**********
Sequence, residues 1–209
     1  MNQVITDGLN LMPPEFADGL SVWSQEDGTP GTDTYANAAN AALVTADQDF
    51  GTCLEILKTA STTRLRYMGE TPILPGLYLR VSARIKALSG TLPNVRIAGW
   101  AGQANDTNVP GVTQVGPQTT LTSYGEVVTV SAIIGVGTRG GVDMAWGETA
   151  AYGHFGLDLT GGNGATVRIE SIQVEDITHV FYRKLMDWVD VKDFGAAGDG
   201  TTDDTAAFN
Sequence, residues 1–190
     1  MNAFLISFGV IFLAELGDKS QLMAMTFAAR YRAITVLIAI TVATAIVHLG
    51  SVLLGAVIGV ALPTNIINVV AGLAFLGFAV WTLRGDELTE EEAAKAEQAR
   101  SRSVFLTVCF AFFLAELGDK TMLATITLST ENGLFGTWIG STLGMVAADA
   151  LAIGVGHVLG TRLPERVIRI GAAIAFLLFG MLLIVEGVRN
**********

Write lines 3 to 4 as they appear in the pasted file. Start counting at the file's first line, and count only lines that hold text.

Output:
    51  GTCLEILKTA STTRLRYMGE TPILPGLYLR VSARIKALSG TLPNVRIAGW
   101  AGQANDTNVP GVTQVGPQTT LTSYGEVVTV SAIIGVGTRG GVDMAWGETA